Bob Dole Offers A Final Salute To Old Friend And Political Rival George H.W. Bush

Though in poor health himself, Bob Dole made his way to the Capitol to pay his respects to his old friend and political rival.

Over the course of two Presidential campaigns in 1980 and, especially, in 1988, George H.W. Bush and former Kansas Senator Bob Dole became bitter political rivals, with Dole at one point in the 1988 campaign telling Bush to his face to “stop lying about my record.” Notwithstanding that moment, the men, both members of the Greatest Generation that gave their all of their nation in World War Two reconciled and, yesterday, Senator Dole saluted his old friend and political rival:

Former Sen. Bob Dole was helped out of his wheelchair Tuesday to salute former President George H.W. Bush as he lay in state at the Capitol Rotunda.

Bush’s son Jeb acknowledged the moment on Twitter, thanking the Kansas Republican and calling his salute “Just incredible.”

Dole, 95, once faced Bush during the 1988 Republican primary fight for the presidential nomination but nonetheless maintained a decades-old friendship with the former president.

On Saturday, he reflected on their relationship, telling CNN’s Ana Cabrera that his passing was an end of an era, as Bush was the last World War II veteran to serve as president. Dole also served in the war.

“I believe there are certain qualities that veterans have, and when Bush was president, I think about three-fourths of Congress were veterans and we would stick together and work together across the aisle. And President Bush was a bipartisan president. So we got quite a lot done,” Dole said.

Here’s video of the moment:

Dole isn’t in the best of health himself, obviously, but this moment mirrors one that occurred six years ago when Washington paused to pay tribute to the late Senator from Hawaii Daniel Inouye, who also served in World War II in the European theater along with Dole while Bush was serving in the Pacific. Little did those three men know at the time how much their respective lives would intersect in the future.

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Doug Mataconis
About Doug Mataconis
Doug holds a B.A. in Political Science from Rutgers University and J.D. from George Mason University School of Law. He joined the staff of OTB in May 2010. Before joining OTB, he wrote at Below The BeltwayThe Liberty Papers, and United Liberty Follow Doug on Twitter | Facebook

Comments

  1. James Pearce says:

    Touching tribute, but man, I hope I never get that old.

    ReplyReply
  2. Anonne says:

    @James Pearce: Getting old is a privilege that many people don’t obtain.

    ReplyReply
  3. Daryl and his brother Darryl says:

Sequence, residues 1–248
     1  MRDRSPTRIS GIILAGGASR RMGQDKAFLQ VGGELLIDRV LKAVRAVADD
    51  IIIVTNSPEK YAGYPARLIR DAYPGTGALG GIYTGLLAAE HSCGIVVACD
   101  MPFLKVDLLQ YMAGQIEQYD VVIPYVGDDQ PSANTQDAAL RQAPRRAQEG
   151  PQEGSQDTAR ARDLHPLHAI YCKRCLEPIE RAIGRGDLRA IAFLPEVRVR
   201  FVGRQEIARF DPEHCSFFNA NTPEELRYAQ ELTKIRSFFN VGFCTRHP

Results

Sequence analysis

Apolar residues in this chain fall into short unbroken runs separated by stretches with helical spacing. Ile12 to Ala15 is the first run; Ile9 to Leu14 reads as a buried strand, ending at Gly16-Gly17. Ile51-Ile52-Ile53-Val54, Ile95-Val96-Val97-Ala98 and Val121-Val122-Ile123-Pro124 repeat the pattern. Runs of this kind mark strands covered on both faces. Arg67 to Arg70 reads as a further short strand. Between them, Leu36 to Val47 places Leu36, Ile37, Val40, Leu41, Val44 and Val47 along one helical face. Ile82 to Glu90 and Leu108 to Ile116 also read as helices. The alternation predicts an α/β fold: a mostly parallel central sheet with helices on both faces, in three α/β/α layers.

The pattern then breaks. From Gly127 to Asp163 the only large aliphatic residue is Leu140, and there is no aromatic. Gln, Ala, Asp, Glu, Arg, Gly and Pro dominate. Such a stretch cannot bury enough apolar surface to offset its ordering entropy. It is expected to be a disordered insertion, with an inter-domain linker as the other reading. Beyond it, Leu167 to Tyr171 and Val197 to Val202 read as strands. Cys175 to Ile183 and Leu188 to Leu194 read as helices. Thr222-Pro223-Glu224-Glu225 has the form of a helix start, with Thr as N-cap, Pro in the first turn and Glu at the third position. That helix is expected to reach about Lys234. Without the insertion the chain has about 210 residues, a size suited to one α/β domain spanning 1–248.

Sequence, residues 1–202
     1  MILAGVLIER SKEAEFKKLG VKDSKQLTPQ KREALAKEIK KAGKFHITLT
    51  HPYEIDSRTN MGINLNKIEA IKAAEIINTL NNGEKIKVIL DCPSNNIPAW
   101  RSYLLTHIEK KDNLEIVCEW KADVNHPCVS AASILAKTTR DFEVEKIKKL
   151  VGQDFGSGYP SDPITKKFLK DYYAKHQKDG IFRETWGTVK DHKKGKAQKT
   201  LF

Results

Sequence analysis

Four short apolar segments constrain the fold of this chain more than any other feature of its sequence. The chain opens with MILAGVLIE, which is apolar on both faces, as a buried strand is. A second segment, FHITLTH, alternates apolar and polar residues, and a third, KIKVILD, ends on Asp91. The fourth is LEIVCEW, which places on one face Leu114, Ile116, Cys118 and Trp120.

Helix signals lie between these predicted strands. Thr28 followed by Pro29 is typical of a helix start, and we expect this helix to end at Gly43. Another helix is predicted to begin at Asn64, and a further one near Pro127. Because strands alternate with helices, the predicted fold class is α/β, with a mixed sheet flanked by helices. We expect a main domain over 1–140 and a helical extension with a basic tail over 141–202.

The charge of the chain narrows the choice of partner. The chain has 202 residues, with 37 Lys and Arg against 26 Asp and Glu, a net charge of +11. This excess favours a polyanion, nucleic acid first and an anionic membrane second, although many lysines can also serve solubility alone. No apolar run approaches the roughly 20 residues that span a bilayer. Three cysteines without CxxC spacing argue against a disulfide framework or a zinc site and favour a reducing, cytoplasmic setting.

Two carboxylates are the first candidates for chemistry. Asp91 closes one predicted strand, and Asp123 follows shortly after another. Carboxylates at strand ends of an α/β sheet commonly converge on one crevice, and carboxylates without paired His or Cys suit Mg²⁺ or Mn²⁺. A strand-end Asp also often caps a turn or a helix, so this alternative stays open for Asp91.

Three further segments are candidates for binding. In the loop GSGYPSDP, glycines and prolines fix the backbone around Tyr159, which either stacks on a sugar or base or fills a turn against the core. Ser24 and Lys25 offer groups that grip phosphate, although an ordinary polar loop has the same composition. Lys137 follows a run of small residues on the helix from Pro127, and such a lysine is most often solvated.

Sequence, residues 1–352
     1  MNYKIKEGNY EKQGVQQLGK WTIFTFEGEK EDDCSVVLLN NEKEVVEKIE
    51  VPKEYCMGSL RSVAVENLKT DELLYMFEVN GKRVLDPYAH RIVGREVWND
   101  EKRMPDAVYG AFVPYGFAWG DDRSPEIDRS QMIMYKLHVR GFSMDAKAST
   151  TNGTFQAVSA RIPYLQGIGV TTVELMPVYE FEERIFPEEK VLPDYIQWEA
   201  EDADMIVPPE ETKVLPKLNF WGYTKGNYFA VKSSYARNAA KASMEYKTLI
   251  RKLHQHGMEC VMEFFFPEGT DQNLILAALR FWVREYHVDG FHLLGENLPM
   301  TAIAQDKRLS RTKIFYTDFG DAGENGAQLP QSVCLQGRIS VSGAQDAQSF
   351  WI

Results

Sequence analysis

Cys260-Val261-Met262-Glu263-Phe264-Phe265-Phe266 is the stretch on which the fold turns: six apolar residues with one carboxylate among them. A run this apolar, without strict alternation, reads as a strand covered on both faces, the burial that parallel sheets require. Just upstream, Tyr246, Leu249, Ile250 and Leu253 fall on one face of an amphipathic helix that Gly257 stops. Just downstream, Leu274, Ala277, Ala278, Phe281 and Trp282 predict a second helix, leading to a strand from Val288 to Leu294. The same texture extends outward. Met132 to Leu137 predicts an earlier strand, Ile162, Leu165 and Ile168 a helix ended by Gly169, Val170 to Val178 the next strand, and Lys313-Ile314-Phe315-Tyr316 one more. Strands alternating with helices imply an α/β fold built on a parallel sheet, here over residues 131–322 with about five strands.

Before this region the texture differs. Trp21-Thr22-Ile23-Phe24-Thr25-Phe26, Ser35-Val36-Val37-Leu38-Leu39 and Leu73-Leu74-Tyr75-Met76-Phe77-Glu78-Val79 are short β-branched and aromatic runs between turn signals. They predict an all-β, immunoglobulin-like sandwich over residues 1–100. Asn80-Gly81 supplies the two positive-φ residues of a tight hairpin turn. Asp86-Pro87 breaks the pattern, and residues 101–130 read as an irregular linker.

What a moment….

    ReplyReply
  4. CSK says:

    @James Pearce:

    Dole’s life is limited by the wheelchair, but he may well savor the pleasures he has remaining. Often the very old do.

    ReplyReply
  5. Kathy says:

    I recall Dole’s campaigns in 88 and 96. I wouldn’t have voted for him, but he struck me as a decent man. He could also fight hard without resorting to the cheap shots that are all some current politician is only capable of.

    It’s been pointed out his near-total lack of charisma cost him the presidency. I suppose it didn’t help, but he also ran at very bad times. Bush was deeply associated to a successful and popular, if mired in scandal, administration. Clinton was popular enough, and 96 was the backlash year in response to the GOP takeover of Congress in 94. By 2000 he was just too old. Bad timing.

    ReplyReply
  6. Jay L Gischer says:

    I think Dole’s remarks about veterans is very solid. I think this is something important, and seldom mentioned.

    ReplyReply
  7. Michael Reynolds says:

    @CSK:

    Dole’s life is limited by the wheelchair, but he may well savor the pleasures he has remaining. Often the very old do.

    Yep. If you still care about following the story – of life, of family, maybe just a good TV show – and the pain isn’t too bad, why not hang around?

    ReplyReply
  8. James Pearce says:

    @Anonne:

    Getting old is a privilege that many people don’t obtain.

    I’ve already reached the “getting old is a privilege” stage. It’s the “can’t hardly move and needs help to do simple tasks” stage I want to avoid.

    ReplyReply
  9. Richard Gardner says:

    To get a measure of Bob Dole”s life today – I hope to matter as much as his age should I make it.
    https://www.stripes.com/news/at-the-world-war-ii-memorial-bob-dole-pursues-a-final-mission-in-a-mission-driven-life-1.533550
    JUNE 2018

    ReplyReply

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